Clarence is the likeliest surrogate for the audience of the film. He is a lonely nerd who gets a beautiful woman to fall in love with him instantly and then begins to live out all of his impulsive fantasies. He sports a deep “cool” factor that sometimes borders on unrealistic, because most people who view themselves as this kind of cool, rarely are. Seemingly driven solely by his imaginary friend, Elvis Presley, who insists on living as he does in ‘Jailhouse Rock’ where nothing matters “except rockin’ and rollin’, living fast, dying young and leaving a good-looking corpse”. If he were a real person, I feel like most people would be afraid of him. His unpredictability and self-assured righteousness of his actions are very unnerving. He radiates danger which is also his very appeal. While he is never explicitly chasing “release” from his own life, the implied sharp 180 degree about-face he does to go on this wild rampage signifies a man who was exceptionally repressed searching for the faintest rush of life and going overboard.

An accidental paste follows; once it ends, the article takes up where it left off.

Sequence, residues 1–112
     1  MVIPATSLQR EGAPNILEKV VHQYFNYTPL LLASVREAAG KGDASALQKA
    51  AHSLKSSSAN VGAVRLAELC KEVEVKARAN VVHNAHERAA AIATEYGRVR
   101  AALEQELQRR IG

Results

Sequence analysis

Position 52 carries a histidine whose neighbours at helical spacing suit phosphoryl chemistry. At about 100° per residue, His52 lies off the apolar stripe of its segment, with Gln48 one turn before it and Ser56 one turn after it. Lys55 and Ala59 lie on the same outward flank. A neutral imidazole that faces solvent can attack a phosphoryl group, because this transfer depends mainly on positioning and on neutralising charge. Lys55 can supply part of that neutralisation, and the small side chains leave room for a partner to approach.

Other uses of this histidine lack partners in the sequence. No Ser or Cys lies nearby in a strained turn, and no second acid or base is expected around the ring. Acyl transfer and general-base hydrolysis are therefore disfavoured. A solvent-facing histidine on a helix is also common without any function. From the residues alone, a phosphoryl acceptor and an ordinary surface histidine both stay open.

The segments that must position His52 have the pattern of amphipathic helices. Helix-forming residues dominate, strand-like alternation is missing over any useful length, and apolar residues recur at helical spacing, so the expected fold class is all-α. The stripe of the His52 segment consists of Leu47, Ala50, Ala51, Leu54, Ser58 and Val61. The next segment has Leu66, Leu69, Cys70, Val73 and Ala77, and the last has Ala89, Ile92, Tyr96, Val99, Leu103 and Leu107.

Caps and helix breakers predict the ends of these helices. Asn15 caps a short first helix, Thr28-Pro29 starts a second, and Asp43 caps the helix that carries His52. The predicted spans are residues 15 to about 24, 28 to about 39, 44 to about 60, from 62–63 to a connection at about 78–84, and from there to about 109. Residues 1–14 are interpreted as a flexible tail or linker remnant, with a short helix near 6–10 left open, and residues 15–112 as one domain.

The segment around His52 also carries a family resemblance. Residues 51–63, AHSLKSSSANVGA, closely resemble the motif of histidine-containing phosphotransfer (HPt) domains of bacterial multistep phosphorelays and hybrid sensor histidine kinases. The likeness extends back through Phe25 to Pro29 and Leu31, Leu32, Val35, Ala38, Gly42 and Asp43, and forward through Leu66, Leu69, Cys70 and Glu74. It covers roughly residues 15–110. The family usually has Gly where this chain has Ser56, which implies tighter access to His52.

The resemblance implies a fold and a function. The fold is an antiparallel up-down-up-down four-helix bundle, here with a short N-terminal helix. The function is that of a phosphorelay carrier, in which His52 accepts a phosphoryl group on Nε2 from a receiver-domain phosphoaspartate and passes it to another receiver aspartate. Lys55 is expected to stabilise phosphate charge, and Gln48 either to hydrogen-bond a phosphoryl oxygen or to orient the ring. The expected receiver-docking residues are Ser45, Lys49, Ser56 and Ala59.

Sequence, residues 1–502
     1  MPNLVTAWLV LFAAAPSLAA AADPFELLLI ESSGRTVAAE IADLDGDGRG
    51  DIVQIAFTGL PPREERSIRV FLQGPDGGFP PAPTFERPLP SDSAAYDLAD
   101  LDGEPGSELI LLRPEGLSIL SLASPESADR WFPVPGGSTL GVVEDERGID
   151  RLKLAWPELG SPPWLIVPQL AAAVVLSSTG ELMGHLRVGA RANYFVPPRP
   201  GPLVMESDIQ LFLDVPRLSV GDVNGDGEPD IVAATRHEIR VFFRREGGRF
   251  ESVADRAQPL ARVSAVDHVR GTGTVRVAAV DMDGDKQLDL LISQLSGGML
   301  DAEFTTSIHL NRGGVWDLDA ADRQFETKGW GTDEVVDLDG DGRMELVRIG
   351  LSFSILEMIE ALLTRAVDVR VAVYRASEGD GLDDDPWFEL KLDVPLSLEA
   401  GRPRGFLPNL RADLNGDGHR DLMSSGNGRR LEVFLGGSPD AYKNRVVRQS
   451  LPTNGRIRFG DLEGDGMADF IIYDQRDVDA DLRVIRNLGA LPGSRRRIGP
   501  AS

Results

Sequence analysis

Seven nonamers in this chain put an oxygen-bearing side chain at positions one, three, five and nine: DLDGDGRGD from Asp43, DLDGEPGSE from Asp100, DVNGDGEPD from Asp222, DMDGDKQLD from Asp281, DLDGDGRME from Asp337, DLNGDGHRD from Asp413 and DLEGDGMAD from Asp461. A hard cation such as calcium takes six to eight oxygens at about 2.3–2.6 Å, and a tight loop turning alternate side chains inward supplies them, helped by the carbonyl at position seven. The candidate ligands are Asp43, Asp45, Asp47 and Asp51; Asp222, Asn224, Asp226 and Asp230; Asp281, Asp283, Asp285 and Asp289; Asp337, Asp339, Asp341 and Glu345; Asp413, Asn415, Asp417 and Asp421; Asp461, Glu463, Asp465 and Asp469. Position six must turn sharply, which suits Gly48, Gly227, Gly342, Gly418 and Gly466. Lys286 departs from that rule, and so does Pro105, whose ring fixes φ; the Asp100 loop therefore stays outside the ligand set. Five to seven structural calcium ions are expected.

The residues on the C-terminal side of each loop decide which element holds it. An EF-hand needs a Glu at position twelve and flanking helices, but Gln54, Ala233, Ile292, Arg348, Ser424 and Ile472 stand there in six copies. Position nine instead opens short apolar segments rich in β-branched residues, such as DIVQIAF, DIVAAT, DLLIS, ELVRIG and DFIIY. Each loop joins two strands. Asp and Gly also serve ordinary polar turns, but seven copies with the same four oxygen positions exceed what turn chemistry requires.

Slater and Arquette have tremendous chemistry which gives Clarence and Alabama an incredibly entertaining dynamic. Both are so dangerously impulsive that they fall in love after one night and set the whole plot in motion because they dove head-first into the deep end. The love is a bit unrealistic but the fact that they are total strangers is meaningless since the story is essentially about living like you are on fire. Unfortunately, after their initial night together, Alabama is more of a supporting character to Clarence, despite being billed as the co-lead of the duo. She still has scenes where she is able to shine, but ultimately, we do not get to know as much about her in the later parts of the film and it seems as though she goes along with everything because Clarence decides so. However, they are both fun characters that are much smarter and far more capable than they let on which is hidden behind their seemingly inexperienced and naïve demeanor. Is there anything more American than two deranged maniacs who are physically incapable of experiencing fear and can kill you then do the nasty on your still bleeding corpse?